Home Is Where The Art Is

If you are an artist, a lover of art then I hope that I can inspire you to do what you love.

Friday, 14 February 2014

How Low Will You Go? An Open Debate.

I come back only to disappear again. I am back once again like a certain renegade master. If you know it then you will get it.

The usual has happened this week my 'Lists of things to do' have been of truly epic proportions. But the John Flower Bursary is now at an end. I think it was successful as we raised a lot of money. The final figures are not clear yet but I think it must be in the region of £2,000 maybe a bit more.

I would like to thank all of the artists that very kindly donated their work for the exhibition. I hope this is the first of many charity exhibitions that I can help organise.

The winners of the raffle were 1st Prize - Martin Claridge, 2nd Price - Lucy Webb Martin and the 3rd Prize was won by Mike Sharpe.
I hope they all enjoy their new works of art.

The hot topic for today is Mark Harris. He is my next exhibitor and his show is up and looking great. He is taking a novel approach to selling his work. He will be accepting bids and then the highest bidder will get the work. Only reasonable bids will be considered.
His motivation for doing this is the need to make room for new work as he is fast running out of space. He is also keen to get his work out into the world. I applaud his bravery and I hope that people will embrace the idea. Factor in the cost of buying new canvasses and paint and I think that more than justifies his approach.

I have spoken excessively in my blog about the price of art. Would you rather see it go to a good home? Would you rather take it home with you? How much is too little? Is art that doesn't sell anything more than dead money? How much of your own art do you need to be hanging round your house, under the bed, in the garage or in your studio? Does art have a sell by date? What I mean by that is, if you have work knocking around for a few years would it be better to sell it for less? The financial impact that producing the work made has long since past, so is it time to just move on? Also if your work is progressing as it should is your old work now out of context with your new work? Are you saving it all up for your retrospective at the Tate?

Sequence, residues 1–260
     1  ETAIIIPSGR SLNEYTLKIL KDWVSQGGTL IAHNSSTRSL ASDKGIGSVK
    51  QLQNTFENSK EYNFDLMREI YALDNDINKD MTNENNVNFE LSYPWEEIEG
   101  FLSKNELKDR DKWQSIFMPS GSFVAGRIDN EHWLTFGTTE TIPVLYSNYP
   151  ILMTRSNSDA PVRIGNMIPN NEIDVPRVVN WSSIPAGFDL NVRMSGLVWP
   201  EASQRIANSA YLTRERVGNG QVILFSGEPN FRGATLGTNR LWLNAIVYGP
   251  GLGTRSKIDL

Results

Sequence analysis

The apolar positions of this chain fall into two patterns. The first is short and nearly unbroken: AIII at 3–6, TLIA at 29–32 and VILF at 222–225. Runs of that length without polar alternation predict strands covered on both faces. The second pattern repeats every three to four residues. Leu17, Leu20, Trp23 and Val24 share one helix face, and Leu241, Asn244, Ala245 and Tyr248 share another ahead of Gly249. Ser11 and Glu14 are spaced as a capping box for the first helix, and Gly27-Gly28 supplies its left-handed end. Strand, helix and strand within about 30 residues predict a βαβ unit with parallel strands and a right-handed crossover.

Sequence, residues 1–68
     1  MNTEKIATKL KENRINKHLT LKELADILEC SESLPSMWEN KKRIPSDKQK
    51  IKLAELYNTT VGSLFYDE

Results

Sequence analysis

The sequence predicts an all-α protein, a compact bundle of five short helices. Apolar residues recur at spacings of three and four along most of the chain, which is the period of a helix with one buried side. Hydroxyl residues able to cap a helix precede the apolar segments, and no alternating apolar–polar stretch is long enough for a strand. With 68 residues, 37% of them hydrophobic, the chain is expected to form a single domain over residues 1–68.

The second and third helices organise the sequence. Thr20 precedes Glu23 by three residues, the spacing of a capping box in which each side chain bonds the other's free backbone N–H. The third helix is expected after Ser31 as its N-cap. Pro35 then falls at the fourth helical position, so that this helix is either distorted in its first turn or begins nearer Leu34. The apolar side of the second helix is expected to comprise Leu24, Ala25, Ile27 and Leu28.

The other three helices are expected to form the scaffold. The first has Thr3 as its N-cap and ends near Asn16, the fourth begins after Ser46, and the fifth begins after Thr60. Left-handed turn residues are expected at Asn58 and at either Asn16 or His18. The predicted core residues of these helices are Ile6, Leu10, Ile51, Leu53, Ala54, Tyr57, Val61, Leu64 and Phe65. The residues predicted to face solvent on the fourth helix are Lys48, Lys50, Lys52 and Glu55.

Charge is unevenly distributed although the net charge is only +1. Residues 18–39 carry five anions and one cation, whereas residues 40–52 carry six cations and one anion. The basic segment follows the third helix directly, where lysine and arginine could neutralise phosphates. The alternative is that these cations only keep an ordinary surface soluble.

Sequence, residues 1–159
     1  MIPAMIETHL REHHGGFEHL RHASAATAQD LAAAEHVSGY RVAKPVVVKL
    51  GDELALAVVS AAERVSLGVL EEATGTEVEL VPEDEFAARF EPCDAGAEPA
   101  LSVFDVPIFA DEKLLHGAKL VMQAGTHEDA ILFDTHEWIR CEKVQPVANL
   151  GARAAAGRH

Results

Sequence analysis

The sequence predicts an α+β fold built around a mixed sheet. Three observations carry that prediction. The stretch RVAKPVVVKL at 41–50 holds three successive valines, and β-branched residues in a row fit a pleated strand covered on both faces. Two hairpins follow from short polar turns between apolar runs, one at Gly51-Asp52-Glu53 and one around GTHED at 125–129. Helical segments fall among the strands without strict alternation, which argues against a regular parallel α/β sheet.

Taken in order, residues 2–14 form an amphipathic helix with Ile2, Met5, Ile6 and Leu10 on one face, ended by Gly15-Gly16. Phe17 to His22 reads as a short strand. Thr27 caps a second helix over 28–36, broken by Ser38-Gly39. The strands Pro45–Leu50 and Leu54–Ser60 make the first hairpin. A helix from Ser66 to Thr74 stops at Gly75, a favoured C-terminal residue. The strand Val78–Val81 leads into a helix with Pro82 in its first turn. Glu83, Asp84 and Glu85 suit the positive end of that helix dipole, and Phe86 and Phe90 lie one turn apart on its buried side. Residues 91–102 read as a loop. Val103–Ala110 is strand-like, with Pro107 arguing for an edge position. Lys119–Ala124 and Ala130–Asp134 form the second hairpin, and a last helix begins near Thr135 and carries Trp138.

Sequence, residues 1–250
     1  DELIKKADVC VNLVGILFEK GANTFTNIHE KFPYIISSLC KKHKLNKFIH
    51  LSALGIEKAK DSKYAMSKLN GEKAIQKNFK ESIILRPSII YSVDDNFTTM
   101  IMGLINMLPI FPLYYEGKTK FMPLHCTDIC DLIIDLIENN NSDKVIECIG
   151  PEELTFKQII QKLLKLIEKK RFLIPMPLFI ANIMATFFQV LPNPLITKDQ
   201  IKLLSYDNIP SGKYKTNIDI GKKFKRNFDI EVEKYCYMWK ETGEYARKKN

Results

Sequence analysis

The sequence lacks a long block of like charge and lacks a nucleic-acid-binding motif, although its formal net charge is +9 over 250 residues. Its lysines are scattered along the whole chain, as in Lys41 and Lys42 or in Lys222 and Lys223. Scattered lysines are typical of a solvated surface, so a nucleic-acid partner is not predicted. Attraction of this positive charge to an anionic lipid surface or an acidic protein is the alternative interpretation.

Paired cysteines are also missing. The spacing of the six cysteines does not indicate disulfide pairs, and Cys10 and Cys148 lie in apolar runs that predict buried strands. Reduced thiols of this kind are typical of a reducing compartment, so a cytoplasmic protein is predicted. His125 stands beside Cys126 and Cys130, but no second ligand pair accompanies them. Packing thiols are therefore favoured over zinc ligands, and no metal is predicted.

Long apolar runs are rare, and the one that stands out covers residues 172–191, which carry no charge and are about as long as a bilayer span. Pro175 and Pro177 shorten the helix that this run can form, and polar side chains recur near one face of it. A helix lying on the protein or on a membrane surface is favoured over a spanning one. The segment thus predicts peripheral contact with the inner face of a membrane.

I know I am asking a lot of questions but I am hoping to start some healthy debate about the price of art.

I am playing the Devils advocate and I know it. As you rise up though the ranks the more your work will command. Well that is the theory but the recession seems to be having rather different ideas. I am witnessing that people are most comfortable spending below £500. That is not to say that I do not sell work for twice that. I am talking comfort zones.

Please feel free to comment and engage in the debate. I welcome the input of other practitioners.


  1. Ooooh! A sticky issue... I've got to admit I always undervalue my art, calculating it's price on the type of medium, cost of frame/mount, the gallery's percentage, and a bit of pocket money for me to invest in upgrading my equipment. If I'm honest I also 'load' the price a little depending on the gallery location, and the expectation of the clientele viewing the work. A piece of work exhibited at the Bristol RWA may have an extra zero on the price compared to the same piece at, for example, Poole...
    What I never do is value a piece on what I think it's worth as art, but always in terms of the cost of creation...
    Perhaps I need an agent? ;-)

  2. On the whole I agree with you. It's a such a tricky one. I personally think that it might be time to rethink how we sell art.
    I think that as long as people enter galleries with an expectation of spending 'proper' money a discourse can be entered into about price.